Recurrent pyogenic cholangitis
- Hannah Lee, MD
Hannah Lee, MD
- Assistant Professor of Medicine
- Virginia Commonwealth University
- Medical College of Virginia
- Kris V Kowdley, MD, FACP, FACG, FASGE, AGAF
Kris V Kowdley, MD, FACP, FACG, FASGE, AGAF
- Director, Liver Care Network and Organ Care Research
- Swedish Medical Center,
- Seattle, WA
- Section Editor
- Sanjiv Chopra, MD, MACP
Sanjiv Chopra, MD, MACP
- Editor-in-Chief — Gastroenterology/Hepatology
- Section Editor — General Hepatology
- Section Editor — Gallbladder and Biliary Tract Disease
- Professor of Medicine
- Harvard Medical School
- Senior Consultant in Hepatology
- James Tullis Firm Chief
- Beth Israel Deaconess Medical Center
Recurrent pyogenic cholangitis is a disease characterized by intrabiliary pigment stone formation, resulting in stricturing of the biliary tree and biliary obstruction with recurrent bouts of cholangitis. Various other names have been used since the first description in 1930, including Hong Kong disease, biliary obstruction syndrome of the Chinese, Oriental cholangitis, and Oriental infestational cholangitis . The lack of a uniform nomenclature complicates direct comparison of studies.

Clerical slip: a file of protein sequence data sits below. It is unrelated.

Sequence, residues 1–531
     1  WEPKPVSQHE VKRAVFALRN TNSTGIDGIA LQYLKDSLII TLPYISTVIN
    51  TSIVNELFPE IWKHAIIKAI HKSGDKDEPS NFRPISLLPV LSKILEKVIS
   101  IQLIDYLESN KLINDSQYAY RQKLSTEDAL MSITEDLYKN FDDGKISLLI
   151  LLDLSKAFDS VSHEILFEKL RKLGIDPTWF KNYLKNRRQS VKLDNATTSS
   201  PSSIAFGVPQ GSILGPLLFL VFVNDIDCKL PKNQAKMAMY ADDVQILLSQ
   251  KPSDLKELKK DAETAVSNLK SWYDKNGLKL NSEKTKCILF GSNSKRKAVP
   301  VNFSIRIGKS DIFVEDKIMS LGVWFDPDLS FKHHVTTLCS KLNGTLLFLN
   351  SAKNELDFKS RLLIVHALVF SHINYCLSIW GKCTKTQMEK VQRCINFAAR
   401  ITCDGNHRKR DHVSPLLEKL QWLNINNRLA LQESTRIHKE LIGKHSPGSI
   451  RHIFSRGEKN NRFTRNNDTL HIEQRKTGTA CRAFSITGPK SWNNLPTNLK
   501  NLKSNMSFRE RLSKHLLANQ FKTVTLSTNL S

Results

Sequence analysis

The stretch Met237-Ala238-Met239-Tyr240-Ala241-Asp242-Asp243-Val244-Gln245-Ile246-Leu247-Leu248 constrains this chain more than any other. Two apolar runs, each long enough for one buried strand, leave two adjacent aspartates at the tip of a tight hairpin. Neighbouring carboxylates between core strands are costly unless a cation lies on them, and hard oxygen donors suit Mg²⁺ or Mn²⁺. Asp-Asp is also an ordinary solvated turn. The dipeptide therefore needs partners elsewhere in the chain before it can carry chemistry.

Recurrent pyogenic cholangitis is found almost exclusively in people who live or who have lived in Southeast Asia [2-7]. However, the incidence in the West appears to be increasing due to the immigration of people from endemic countries. It occurs in equal frequency in men and women with a peak prevalence in the third and fourth decades of life, although it can also be seen in patients over the age of 60 [8-11]. It is more common in the rural population and in lower socioeconomic groups.
Recurrent pyogenic cholangitis is characterized by recurrent cholangitis caused by bile stasis and stone formation proximal to biliary strictures. The pathogenesis of the stone formation and biliary abnormalities is incompletely understood. Stone formation occurs de novo within the intrahepatic bile ducts in contrast with the more common pattern of stone formation within the gallbladder seen in patients with more common forms of gallstone-related disease.
Transient portal bacteremia is thought to introduce bacteria into the biliary ducts, initiating a cycle of infection and secondary stone formation which lead to further obstruction and infection. Common organisms cultured from bile include E. coli, Klebsiella, Pseudomonas, and Proteus species and, less frequently, anaerobes, although the culture of multiple organisms is common [8,12]. Abnormal phospholipid metabolism has also been implicated . (See "Inherited disorders associated with conjugated hyperbilirubinemia".)
The bile ducts are markedly abnormal, characterized by extrahepatic and intrahepatic ductal dilatation with focal areas of stricturing in the intrahepatic biliary tree. The biliary wall is fibrotic with inflammatory cell infiltration. The bile is purulent and filled with debris composed of bile pigment, desquamated epithelial cells, bacteria, and pus.
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